Note from the trial of Ratko Mladic
Women in Black accompanied women from Srebrenica, following their call and out of the feeling of moral duty, during the second appearance of Ratko Mladic before the International Tribunal for the Former Yugoslavia in Hague.
On the trial that took place on the July 4th 2011 it was planned for Ratko Mladic, after delay of 30 days, to enter his plea on the indictment against him, on the 11 counts that indict him for the most serious crimes - genocide in Srebrenica and 8 other municipalities in Bosnia and Herzegovina, of ethnic cleansing, persecution, extermination, murder, deportation and other inhumane acts, terrorizing, attacking civilians and taking hostages.
„I am cold ... I cannot breathe…I need my hat! –“Was my son cold?"
The aim of the trial is verdict, and, during the process, the focus is on the perpetrator rather than the victim. Such was the case this time. As a real star, accused R. Mladic comes out on stage and acts, drawing attention to his health and generational issues, and presenting himself as a victim of “odious” tribunal and the world’s injustice towards the Serbian people. Victimisation of the executioner, surrounded by the guards, who were politely pouring him the drink to refresh himself while speaking, was very difficult to the women from Srebrenica, who have remembered their loved ones, who, innocent, frightened, hungry and barefoot, had no one to protect them in July of 1995.
During the trial, R. Mladic, indicted for two genocides, was arrogantly speaking to the judges and to the women in the audience, his victims, with a cynical smile. At the same time, he was addressing the Serbian public, fully thought out, to get the message that the ideological- cultural project, whose part is also the claim of Dobrica Ćosić of is still alive. His hat - a symbol of national identity, which, before the war, replaced an antifascist symbol that he was wearing by then, is a symbol of the continuing "struggle". He refers to right-wing cultural elites and those who still deny the genocide, denying victims and relativizing the crimes. His "defiant" attitude can easily spill over to young people in Serbia who were children when the genocide occurred, but who are the ones that will continue to spread the ideology of nationalism and hatred towards those who are different, towards the “Others”.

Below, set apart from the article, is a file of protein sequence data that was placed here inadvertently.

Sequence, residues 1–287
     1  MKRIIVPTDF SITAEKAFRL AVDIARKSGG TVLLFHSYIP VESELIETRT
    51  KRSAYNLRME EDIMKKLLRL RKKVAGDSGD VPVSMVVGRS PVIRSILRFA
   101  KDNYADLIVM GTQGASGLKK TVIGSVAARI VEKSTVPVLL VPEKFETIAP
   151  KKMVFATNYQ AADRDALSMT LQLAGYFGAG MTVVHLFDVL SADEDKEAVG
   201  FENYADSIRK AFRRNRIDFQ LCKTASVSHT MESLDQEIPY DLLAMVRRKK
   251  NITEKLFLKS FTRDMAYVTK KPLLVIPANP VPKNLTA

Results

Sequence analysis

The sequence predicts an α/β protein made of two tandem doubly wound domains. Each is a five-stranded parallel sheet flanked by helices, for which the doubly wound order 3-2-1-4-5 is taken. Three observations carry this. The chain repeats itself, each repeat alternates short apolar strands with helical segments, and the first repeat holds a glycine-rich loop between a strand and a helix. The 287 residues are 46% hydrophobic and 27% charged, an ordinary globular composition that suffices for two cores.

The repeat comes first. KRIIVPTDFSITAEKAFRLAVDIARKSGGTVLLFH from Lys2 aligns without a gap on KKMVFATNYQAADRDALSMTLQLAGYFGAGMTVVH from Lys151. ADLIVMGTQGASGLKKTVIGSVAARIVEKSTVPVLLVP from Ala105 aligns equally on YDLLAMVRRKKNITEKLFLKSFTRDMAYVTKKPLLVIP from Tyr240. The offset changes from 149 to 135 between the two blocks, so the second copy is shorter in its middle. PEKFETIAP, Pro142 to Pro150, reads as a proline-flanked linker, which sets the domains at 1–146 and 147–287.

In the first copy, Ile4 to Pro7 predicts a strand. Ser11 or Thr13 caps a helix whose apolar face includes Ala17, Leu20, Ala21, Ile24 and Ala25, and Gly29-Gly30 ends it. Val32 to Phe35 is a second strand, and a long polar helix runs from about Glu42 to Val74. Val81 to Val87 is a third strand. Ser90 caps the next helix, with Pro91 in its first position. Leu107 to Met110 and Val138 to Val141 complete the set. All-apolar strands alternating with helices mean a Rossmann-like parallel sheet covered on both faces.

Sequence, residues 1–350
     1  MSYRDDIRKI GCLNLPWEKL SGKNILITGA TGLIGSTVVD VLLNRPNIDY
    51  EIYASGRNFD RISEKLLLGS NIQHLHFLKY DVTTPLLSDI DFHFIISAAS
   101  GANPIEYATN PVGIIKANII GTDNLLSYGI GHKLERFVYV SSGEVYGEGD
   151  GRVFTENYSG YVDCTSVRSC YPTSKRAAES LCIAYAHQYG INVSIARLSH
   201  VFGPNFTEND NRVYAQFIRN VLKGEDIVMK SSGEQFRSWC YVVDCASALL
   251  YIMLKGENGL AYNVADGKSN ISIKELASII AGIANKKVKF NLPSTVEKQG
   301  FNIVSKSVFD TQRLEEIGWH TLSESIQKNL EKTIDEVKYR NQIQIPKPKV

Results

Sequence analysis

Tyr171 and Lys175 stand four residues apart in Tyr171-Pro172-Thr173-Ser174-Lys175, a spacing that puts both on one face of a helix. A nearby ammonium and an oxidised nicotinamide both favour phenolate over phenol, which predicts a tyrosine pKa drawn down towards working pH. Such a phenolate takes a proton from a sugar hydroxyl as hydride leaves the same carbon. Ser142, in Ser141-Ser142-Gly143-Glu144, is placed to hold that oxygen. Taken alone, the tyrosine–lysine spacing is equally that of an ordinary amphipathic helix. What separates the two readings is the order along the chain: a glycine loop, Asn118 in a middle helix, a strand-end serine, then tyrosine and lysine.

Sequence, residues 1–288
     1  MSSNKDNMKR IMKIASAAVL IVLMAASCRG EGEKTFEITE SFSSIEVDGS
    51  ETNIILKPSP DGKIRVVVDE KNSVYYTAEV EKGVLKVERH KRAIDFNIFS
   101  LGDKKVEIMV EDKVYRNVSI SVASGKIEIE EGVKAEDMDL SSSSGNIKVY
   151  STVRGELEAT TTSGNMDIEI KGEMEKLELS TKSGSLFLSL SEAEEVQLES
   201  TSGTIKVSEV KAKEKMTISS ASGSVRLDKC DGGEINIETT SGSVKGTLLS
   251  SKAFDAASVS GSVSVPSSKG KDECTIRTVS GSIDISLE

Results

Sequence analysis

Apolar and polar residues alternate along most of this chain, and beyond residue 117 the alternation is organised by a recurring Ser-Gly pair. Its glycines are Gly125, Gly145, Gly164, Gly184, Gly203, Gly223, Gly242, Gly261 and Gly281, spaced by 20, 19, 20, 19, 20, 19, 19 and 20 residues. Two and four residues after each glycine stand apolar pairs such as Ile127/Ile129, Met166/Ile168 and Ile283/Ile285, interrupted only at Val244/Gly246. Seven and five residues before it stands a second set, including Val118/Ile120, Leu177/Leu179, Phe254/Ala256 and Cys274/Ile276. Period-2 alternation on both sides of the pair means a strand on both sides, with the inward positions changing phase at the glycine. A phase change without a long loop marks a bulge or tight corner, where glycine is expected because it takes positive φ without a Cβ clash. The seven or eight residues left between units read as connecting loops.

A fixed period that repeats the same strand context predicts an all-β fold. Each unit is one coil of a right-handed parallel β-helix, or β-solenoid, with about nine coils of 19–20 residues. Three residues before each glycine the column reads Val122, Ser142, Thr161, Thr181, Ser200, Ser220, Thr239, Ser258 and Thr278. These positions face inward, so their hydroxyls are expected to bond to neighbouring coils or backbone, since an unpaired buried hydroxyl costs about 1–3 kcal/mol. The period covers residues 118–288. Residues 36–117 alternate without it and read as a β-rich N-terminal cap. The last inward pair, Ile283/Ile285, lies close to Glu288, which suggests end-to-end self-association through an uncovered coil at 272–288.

Judge Orie well-run the trial, not allowing Mladic to make a circus out of court. After numerous violations of the procedure, judge Orie briefly interrupted the proceedings and announced that "the accused Ratko Mladic has been asked to leave the courtroom because of his offensive behaviour."
After the trial, we went with the women of Srebrenica to the meeting with the Chief Prosecutor at the ICTY, Mr. Serge Brammertz. During this encouraging meeting, he showed comforting understanding of the needs of survivors and families of victims of the genocide. He spoke about possible ways to expedite the proceedings, such as the division of existing indictment into several smaller ones, and reassured us that he would do his best to accelerate the trial and bring a verdict that would satisfy the victims.
Women of Srebrenica were once again humiliated by Ratko Mladic’s attitude. Waiting for justice, they expect from the court to continue to control Mladic’s incidents, and to do everything to expedite the judicial process, and ensure that the trial ends as soon as possible, with the hope that a fair verdict will determine the facts, turn them into a historical truth and bring (imperfect) satisfaction of victims.
Sabra, women from Srebrenica: “Not only that you killed us Bosniaks, now you are killing your own peopl...”
Written by Ljilja, Nataša and Staša
Belgrade, July 9th 2011.